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salted_cashew_brittle_recipe I don’t usually make candy over the holidays because everyone is making holiday candy of sorts during the holidays, so I usually try to make something a little different like these homemade, Salted Gingersnap Mallomars we posted last week. They’re a little candy-ish I suppose, but still a little different. This year though I’m trying to be less stubborn and finally make holiday candy!! I love things like toffee, brittle, almond roca, etc, so today we have a Salted Cashew Brittle for you! The cashews add a nice dose of savory decadence to the brittle that I prefer over peanuts.

I know cooking sugar can seem kinda scary, but as long as you have a trusty candy thermometer, don’t agitate your boiling sugar too much (which can cause your sugar to crystallize) and really do use a pot with tall sides, you should be a-okay! We do incorporate a tid bit of light corn syrup here and I do actually recommend this for anyone cooking sugar or making brittle for the very first time….it’s sort of like cream of tartar for egg whites; it’s an insurance policy. The corn syrup adds moisture to your mixture and helps to prevent the crystallization from occurring.

I know, I know. Some of your are probably horrified about me encouraging the use of light corn syrup but remember, this recipe only uses a very small amount AND I’m recommending it mostly for novice “sugar boilers”. I rarely use corn syrup myself so I’m okay with using on rare occasions, and only for specific purposes such as these. For those of you still rolling your eyes, don’t worry I’ve provided a corn syrup FREE alternative as well that achieves just as delicious results! Enjoy!! xx, Jenny salted_cashew_brittle

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Salted Cashew Brittle
Serves 4 to 6

1 cup superfine sugar
1 cup (2 sticks) unsalted butter, cut into small cubes
1 1/2 tablespoons light corn syrup (OR 2 tablespoons water)
2 cups lightly salted and roasted cashews
1 tablespoons sea salt flakes

1. Place sugar into a small pot with tall sides and shake the pot to make sure the sugar has a flat and even surface. Attach a candy thermometer to the side of the pot, making sure the tip isn’t touching the bottom of the pot.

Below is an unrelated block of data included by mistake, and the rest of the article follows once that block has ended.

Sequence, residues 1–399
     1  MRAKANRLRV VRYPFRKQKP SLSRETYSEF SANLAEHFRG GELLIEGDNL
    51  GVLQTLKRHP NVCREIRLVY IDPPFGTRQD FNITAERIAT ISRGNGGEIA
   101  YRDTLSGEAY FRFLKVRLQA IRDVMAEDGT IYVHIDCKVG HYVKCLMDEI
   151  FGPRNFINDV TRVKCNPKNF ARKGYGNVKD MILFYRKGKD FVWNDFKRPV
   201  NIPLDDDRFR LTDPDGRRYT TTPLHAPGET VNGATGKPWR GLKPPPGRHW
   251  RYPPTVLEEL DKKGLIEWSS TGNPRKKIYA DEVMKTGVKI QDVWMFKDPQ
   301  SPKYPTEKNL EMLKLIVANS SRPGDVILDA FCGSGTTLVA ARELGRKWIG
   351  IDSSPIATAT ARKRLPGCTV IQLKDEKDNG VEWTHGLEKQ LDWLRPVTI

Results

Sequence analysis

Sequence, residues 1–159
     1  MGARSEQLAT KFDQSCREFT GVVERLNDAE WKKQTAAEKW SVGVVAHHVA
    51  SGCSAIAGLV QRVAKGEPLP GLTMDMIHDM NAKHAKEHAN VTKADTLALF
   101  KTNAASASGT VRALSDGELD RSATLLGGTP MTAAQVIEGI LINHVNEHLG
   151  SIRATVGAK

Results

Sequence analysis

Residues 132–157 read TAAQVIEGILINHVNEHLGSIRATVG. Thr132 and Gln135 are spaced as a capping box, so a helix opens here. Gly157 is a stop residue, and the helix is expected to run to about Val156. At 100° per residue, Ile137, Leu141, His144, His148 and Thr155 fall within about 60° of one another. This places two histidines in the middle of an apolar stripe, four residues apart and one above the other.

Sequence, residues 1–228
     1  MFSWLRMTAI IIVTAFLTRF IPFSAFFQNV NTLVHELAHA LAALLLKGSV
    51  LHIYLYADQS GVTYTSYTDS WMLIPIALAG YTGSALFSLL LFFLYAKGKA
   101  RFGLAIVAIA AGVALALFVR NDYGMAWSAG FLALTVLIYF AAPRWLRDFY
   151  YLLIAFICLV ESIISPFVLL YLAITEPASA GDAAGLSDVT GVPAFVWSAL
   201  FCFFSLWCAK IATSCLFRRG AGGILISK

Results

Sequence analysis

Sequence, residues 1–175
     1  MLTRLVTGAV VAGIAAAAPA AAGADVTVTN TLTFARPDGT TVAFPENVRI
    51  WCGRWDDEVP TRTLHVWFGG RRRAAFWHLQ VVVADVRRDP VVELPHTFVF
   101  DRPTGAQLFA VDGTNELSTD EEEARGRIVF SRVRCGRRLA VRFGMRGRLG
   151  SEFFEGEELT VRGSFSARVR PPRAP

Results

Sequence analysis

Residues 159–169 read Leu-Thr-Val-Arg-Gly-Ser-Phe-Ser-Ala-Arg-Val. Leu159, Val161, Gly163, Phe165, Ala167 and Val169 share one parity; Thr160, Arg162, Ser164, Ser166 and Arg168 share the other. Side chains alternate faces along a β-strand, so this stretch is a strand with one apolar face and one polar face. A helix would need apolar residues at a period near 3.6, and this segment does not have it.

2. Top sugar with cut butter and corn syrup and place over medium heat. Cook mixture until sugar melts completely and mixture begins to caramelize.
3. Gently stir with a wooden spoon to incorporate the melting butter into the melted sugar. Continue to cook the sugar and butter until an amber color develops and the candy thermometer reaches 310˚F.
4. Quickly remove the mixture from the heat and stir in cashews.
5. Pour mixture onto a silpat (or foil) lined baking sheet (with raised edges), moving the baking sheet around on a slit tilt to create an even 1/4 inch layer.
6. Allow the brittle to set for about 5 minutes, then sprinkle the surface with the sea salt. Set aside until the brittle has completely hardened (about 20 to 30 minutes).
7. Using the bottom of a knife handle, crack the brittle in multiple areas until you have sizeable serving pieces. Store in an airtight container until ready to serve.

**If using water instead of corn syrup: Once you’ve shaken the pot of sugar, so the sugar has a flat and even surface, slowly pour the water around the perimeter of the pot so the edges of the sugar get wet….this will help to prevent the sugar from crystalizing.

  1. Katrina @ Warm Vanilla Sugar Not Specified Not Specified

    This is definitely a fabulous food gift for the holidays! I love the cashews in there!

  2. Marian Not Specified Not Specified

    I often use honey, good quality locally sourced and about a year old, instead of corn syrup in my caramels. Wonder if it would work here.

  3. Medolark Not Specified Not Specified

    Honey is hygroscopic so the brittle will not stay hard but get sticky instead. I buy small bottles of organic corn syrup just for holiday brittle making.

  4. Tez @ Chile and Salt Not Specified Not Specified

    This looks perfect! I`ll definitely be making some for the holidays!!
    Love your site!

  5. Kay Reitz Not Specified Not Specified

    Seriously folks!! This is a great recipe. Use the corn syrup. Geez. It’s not poison. Life is short. It’s not like you are ingesting serious amounts !! Do what it takes to make this delicious candy happen correctly.

  6. Adri Not Specified Not Specified

    Oh my, but this does sound wonderful! An a little corn syrup never hurt anybody, and it sure has helped a lot of candy makers – like they say “Buy insurance! It pays in the long run!” Merry Christmas to you!

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